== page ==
GMV is leading a European consortium that is working towards the prevention of unwanted forest fires. It is doing so by analyzing the most important fire prevention theories and practices in Europe to pinpoint the obstacles that might balk the effectiveness of current measures. This project, FIRESMART (Forest and Land Management Options to prevent unwanted forest fires), is a European Commission FP7 project.
The FIRESMART project, with a budget of close to €1 million, has been close today at the 28th meeting of the European Commission Expert Group on Forest Fires (EGFF), held in Antalya, Turkey, from 24 to 27 April.
The GMV-led FIRESMART consortium is made up by technology firms (GMV itself), environment services (EIMFOR from Spain, AMBIENTE ITALIA), research centers (JRC of the European Commission, INIA from Spain, ISRTEA from France) and forest owner confederations (FORESTIS from Portugal and the community-wide Confederation of European Forest Owners, CEPF).
The most important conclusions drawn from these 27 months of work bring out both the strengths and weaknesses of current fire-prevention practices in the various countries of Europe, confirming the need for a long-term prevention strategy and the importance of integrating fire prevention as an intrinsic part of forest management. This is the only way of ensuring future sustainability of forest ecosystems, especially in the Mediterranean area.
The project conclusions have been formulated in practical and efficient terms by way of recommendations, which will then be sent up to the European Commission through the Expert Group. Some are general in character, based on a Europe-wide analysis, while others are tailored to local needs. Throughout the project these recommendations have been circulated among managers, researchers and local prevention bodies, especially in the four pilot areas of the project: Valencia in Spain, Cagliari in Italia, Pinhal Interior in Portugal and Les Bouches du Rhône in France, all strongly affected by fires and with prevention policies underway.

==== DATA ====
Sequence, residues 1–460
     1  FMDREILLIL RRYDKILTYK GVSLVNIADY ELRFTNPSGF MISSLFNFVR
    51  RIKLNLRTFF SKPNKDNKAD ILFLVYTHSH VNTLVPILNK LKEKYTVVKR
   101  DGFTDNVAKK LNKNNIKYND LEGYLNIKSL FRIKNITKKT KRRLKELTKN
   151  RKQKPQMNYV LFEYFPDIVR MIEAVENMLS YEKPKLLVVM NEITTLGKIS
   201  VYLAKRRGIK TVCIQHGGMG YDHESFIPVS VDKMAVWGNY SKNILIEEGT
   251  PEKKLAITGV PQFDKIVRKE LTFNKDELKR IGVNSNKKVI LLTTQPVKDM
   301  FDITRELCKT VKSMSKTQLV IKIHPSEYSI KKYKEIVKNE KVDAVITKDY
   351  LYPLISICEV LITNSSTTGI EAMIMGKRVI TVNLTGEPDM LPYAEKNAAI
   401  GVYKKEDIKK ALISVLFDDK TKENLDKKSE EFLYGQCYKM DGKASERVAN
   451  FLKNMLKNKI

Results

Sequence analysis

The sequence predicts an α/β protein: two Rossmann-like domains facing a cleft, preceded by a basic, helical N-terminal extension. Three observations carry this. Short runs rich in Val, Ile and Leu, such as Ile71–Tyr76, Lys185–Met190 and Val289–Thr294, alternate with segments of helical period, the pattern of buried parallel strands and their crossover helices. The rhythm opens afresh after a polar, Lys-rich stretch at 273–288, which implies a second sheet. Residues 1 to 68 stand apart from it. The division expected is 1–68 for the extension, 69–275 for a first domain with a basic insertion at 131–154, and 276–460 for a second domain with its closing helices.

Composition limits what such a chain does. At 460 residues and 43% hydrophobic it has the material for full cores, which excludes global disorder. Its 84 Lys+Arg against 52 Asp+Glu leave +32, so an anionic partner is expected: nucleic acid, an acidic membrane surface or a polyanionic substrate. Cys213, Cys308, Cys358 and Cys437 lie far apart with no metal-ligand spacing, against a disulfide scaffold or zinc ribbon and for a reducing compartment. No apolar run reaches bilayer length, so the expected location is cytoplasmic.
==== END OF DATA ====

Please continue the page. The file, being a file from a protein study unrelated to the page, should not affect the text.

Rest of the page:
The "Group of Experts on Forest Fires" of the European Commission was established in 1998 by DG Environment. The group meets twice a year and consists of 27 members, representing EU Member States, and 7 other observers. The role of the EGFF is crucial since the EU has no common forestry policy. This means there are glaring differences in forestry management and in the way of tackling problems such as forest fires. The EGFF analyzes the problems of the forestry sector and sends up sustainable management proposals to the Commission for it to lay down common lines of action.